In early May, Dr. Jose Mathews told ABC News and the Center for Investigative Reporting that he lost his position as chief of psychiatry at the St. Louis VA Medical Center after telling his bosses that some psychiatrists were only seeing patients for three hours a day. Mathews filed a whistle-blower complaint with allegations of two preventable veteran deaths.
VA’s oversight process is also in question. Miller has called attention to “management failures, deception and a lack of accountability permeating VA’s health-care system” in a letter to the White House. That came after a VA inspector general’s investigation concluded that a lack of leadership and oversight at the Atlanta VA contributed to the deaths of three patients. Upon visiting the facility, “we learned that no one was fired or otherwise held accountable for the hospital’s failure linked to the death of these veteran patients,” Miller wrote. “The complacency and deceitfulness of VA leadership at both the local and central office levels cannot be tolerated when the health and safety of our veterans and their families are at stake.”
More recently, the VA Office of Medical Inspector concluded that agency employees in Cheyenne, Wyo., and Fort Collins, Colo., were taught how to manipulate records to hide long delays in treating patients last year. No one was disciplined. The matter resurfaced in the spring when USA Today obtained an email from a VA employee with instructions on altering agency records. The alleged author was immediately placed on administrative leave – suggesting that embarrassing publicity, not breaking the rules, was the last straw.
Against this backdrop, The American Legion re-evaluated its vigorous support for Shinseki’s leadership and asked him, with all due respect for his military career, to step down. “A career soldier and Vietnam War veteran, Gen. Eric Shinseki has served his country well,” Dellinger said in a press conference on May 5. “His patriotism and sacrifice for this nation are above reproach. His record as the head of the Department of Veterans Affairs, however, tells a story of bureaucratic incompetence and failed leadership.”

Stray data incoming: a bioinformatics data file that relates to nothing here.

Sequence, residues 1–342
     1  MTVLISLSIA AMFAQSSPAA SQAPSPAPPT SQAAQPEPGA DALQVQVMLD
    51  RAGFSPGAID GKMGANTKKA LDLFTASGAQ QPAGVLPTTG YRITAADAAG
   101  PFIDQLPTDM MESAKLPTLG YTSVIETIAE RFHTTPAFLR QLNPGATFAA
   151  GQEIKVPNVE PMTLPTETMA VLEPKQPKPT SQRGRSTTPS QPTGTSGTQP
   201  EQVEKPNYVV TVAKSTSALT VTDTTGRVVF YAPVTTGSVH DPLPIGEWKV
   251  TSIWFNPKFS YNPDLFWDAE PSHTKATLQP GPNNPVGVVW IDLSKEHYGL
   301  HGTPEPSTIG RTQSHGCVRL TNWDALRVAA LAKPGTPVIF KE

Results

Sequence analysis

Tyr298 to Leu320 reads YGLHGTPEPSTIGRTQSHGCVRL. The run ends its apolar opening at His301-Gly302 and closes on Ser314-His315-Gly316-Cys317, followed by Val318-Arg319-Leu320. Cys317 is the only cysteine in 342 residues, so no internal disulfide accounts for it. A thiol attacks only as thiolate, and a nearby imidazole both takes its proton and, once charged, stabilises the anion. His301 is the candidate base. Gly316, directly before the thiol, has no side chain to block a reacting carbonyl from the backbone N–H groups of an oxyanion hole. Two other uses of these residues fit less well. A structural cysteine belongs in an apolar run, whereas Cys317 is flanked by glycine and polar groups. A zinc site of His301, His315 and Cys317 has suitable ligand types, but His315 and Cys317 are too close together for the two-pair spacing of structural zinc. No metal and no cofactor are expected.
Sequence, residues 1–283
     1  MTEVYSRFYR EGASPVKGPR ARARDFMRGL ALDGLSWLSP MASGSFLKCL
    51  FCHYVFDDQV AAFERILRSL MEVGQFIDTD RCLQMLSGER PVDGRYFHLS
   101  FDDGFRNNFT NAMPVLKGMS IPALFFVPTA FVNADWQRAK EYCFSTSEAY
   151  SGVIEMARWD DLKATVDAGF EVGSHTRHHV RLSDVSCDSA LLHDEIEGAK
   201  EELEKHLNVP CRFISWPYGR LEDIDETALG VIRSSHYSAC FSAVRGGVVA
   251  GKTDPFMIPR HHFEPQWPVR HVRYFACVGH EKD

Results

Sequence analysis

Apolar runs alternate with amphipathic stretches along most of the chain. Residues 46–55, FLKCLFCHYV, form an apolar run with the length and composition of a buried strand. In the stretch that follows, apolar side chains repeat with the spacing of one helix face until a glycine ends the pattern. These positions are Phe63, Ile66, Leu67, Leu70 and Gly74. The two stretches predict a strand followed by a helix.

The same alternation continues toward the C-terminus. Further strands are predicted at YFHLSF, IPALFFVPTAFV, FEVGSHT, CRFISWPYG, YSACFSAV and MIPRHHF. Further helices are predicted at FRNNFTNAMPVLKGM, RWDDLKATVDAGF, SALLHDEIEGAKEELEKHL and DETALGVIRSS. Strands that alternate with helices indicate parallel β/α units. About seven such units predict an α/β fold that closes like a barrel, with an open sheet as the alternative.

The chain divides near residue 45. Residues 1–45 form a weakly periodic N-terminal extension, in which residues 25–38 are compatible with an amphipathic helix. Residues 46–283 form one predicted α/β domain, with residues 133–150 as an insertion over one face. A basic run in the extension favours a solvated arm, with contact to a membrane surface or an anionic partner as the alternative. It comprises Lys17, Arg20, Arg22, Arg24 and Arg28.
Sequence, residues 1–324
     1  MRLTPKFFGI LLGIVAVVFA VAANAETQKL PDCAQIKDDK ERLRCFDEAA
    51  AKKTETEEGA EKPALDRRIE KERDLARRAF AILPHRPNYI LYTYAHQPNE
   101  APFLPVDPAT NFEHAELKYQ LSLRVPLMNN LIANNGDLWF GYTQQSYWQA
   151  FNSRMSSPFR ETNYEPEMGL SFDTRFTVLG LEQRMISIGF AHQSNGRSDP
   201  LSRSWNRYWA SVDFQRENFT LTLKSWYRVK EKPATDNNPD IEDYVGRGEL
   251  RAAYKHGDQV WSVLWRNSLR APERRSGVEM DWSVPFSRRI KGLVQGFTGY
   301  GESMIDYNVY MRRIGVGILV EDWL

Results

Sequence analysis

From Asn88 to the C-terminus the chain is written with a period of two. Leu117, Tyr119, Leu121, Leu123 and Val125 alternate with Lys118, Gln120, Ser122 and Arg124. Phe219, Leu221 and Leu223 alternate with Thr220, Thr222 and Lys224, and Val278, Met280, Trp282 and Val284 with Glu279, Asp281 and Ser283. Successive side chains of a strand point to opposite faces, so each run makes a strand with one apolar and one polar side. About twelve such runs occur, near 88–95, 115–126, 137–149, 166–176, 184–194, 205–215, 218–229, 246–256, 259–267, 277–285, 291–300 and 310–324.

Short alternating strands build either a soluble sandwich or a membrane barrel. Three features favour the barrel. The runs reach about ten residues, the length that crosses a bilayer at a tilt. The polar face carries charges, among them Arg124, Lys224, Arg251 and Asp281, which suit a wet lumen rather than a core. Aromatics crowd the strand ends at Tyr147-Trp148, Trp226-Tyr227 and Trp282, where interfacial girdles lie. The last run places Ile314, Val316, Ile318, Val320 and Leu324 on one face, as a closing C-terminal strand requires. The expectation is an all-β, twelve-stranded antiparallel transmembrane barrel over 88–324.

VA Undersecretary for Health Robert Petzel maintained in April that the agency had found nothing amiss in Phoenix, seven months after Mitchell first filed a complaint with the Office of Inspector General. When it became clear that VA couldn’t defend that position, the hospital director and two other officials were placed on administrative leave. “VA clearly has a widespread problem that goes beyond the misbehavior of three people,” Dellinger observed.
Verified by investigations or not, it’s a problem that has been reported from Phoenix to San Antonio, El Paso to San Francisco, Buffalo to Waco, Orlando to Fayetteville, Chicago to San Juan. The problem appeared to have been missed by the secretary, whose first public response to calls for his resignation was a vow to simply communicate better with veterans service organizations.
The barrage of disclosures about performance and accountability problems made April and May some of the most embarrassing months in VA’s history. But these problems did not come out of nowhere and are by no means new.
Days after the 2008 election, the Government Accountability Office (GAO) released a list of “urgent issues” facing the new president and Congress. At the top of the list: caring for veterans.
“We have identified a number of weaknesses with the health care returning servicemembers are receiving as well as the complex and cumbersome disability systems they must navigate,” GAO reported. Fixing the problems “will require sustained attention, systematic oversight by DoD and VA, and sufficient resources.” Additional reports have surfaced showing that VA was made aware of appointment scheduling problems.
Six years later, many of the same problems persist, complicated by new allegations of falsified reports and fears of retribution against those who tell about them. That was the tipping point for The American Legion. As audits and investigations continued in May – amid growing accusations, fading trust and the resignations of Shinseki and Petzel – VA’s focus was more on defending itself than advancing its main purpose. “If you have a problem, identify it and then solve it,” says Mitchell, one of the Phoenix whistle-blowers. “Don’t cover it up. It doesn’t make it go away.”
Ken Olsen is a frequent contributor to The American Legion Magazine.